skip navigation

PUBLICATIONS

Register for Latest Research

Stay Informed
Register with NCJRS to receive NCJRS's biweekly e-newsletter JUSTINFO and additional periodic emails from NCJRS and the NCJRS federal sponsors that highlight the latest research published or sponsored by the Office of Justice Programs.

NCJRS Abstract

The document referenced below is part of the NCJRS Virtual Library collection. To conduct further searches of the collection, visit the Virtual Library. See the Obtain Documents page for direction on how to access resources online, via mail, through interlibrary loans, or in a local library.

 

NCJ Number: 228780 Find in a Library
Title: Consequences of High Incarceration Rate and High Obesity Prevalence on the Prison System
Journal: Journal of Correctional Health Care  Volume:15  Issue:4  Dated:October 2009  Pages:318-327
Author(s): Meaghan A. Leddy, M.A.; Jay Schulkin, Ph.D.; Michael L. Power, Ph.D.
Date Published: October 2009
Page Count: 10
Publisher: http://www.sagepub.com 
Type: Report (Study/Research)
Format: Article
Language: English
Country: United States of America
Annotation: This study explored the prevalence of obesity in prison.
Abstract: The evidence suggests that the prevalence of obesity in a prison is associated with the prevalence in the region; that long-term prison sentences are associated with weight gain; and that the effects of weight gain during incarceration on health and life after release warrants preventive care. Obesity and related disorders have significant effects on health care in the United States. With the increasing overweight and obesity rates in the United States, logistical and financial issues arise in the correctional system regarding the provision of medical care, the housing and transportation of inmates, and the safety of employees. As in general society, alterations will be required of the prison system’s basic infrastructure, not exclusive to the health system. The inclusion of screening and preventive care services relevant to obesity and obesity-related disorders appears to be both low and variable in the United States prison system, when compared to screening and preventive services for communicable diseases. Communicable diseases pose a threat to various individuals, whereas cardiovascular disease is a threat only to those afflicted; however, there is an ethical requirement to provide treatment for these chronic diseases. Even as simple a statistic as body mass index (BMI) is not being calculated and recorded on a consistent basis. This failure represents a lost opportunity to collect data on obesity and its associated consequences in prisons, data that could inform decisions regarding future health care needs and budgets. Figures, tables, and references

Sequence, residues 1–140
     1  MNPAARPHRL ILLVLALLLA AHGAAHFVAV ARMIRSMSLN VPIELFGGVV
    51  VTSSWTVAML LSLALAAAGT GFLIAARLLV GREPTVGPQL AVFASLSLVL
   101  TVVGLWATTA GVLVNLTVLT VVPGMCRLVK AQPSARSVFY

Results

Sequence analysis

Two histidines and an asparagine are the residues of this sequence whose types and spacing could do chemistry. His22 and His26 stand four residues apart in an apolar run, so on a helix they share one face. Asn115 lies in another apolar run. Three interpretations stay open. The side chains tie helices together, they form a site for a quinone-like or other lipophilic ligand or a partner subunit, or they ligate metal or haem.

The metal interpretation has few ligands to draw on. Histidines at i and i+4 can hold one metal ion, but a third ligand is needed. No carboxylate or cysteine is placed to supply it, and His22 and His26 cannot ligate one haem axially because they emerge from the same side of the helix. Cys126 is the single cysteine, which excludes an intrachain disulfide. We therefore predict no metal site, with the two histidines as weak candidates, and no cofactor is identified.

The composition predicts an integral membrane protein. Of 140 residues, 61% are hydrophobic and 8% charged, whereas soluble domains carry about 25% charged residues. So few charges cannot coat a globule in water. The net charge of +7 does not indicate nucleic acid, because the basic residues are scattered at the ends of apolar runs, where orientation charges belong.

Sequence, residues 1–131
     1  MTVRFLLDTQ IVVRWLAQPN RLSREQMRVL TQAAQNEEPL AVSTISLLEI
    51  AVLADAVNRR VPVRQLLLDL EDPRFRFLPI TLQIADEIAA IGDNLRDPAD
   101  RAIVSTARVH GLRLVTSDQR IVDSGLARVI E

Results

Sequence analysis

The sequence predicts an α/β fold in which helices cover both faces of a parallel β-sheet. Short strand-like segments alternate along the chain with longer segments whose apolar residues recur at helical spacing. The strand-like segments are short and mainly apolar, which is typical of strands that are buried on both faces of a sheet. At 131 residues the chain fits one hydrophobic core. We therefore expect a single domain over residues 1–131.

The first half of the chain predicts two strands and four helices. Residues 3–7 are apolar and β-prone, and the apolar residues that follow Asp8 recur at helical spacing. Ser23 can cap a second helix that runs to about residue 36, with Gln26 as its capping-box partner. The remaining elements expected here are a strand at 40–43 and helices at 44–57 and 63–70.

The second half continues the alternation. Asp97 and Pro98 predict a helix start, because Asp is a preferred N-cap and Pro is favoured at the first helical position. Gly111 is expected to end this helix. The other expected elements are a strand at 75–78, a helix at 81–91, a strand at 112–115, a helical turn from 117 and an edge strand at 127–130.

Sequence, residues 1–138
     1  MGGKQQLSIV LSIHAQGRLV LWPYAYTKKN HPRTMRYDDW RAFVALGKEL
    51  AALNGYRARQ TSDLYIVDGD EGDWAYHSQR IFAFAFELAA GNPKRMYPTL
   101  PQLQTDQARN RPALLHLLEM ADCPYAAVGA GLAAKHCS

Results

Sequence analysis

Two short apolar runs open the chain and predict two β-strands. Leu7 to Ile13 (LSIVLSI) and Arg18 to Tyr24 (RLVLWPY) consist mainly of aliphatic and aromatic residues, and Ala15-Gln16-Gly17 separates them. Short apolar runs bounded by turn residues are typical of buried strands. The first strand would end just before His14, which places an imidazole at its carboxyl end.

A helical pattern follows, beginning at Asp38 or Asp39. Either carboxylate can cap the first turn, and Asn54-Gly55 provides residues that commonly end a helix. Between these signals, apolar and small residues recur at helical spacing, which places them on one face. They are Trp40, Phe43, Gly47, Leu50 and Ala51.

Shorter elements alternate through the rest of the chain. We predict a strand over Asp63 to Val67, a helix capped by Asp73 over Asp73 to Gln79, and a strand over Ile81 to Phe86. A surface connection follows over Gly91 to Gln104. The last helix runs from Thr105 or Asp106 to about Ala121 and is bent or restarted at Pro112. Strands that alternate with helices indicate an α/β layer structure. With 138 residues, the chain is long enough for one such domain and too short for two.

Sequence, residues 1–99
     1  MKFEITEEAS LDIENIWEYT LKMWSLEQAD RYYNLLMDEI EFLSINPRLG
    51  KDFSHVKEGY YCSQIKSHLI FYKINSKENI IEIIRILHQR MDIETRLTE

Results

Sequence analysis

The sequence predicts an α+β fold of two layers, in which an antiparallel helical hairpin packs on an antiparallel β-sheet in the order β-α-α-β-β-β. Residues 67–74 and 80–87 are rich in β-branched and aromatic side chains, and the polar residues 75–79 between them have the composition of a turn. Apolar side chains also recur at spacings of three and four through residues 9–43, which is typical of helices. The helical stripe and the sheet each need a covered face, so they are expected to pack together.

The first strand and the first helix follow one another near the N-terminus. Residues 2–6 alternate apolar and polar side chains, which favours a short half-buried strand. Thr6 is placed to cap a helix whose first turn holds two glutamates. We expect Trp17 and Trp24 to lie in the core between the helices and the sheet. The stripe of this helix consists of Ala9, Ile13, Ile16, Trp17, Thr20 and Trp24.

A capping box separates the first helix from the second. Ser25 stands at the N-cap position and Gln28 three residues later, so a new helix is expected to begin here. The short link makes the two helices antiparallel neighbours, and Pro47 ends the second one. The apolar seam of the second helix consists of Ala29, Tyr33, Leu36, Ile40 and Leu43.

Main Term(s): Inmate health; Literature reviews
Index Term(s): Communicable diseases; Diseases; Eating disorders; Inmate health care
To cite this abstract, use the following link:
http://www.ncjrs.gov/App/publications/abstract.aspx?ID=250804

*A link to the full-text document is provided whenever possible. For documents not available online, a link to the publisher's website is provided. Tell us how you use the NCJRS Library and Abstracts Database - send us your feedback.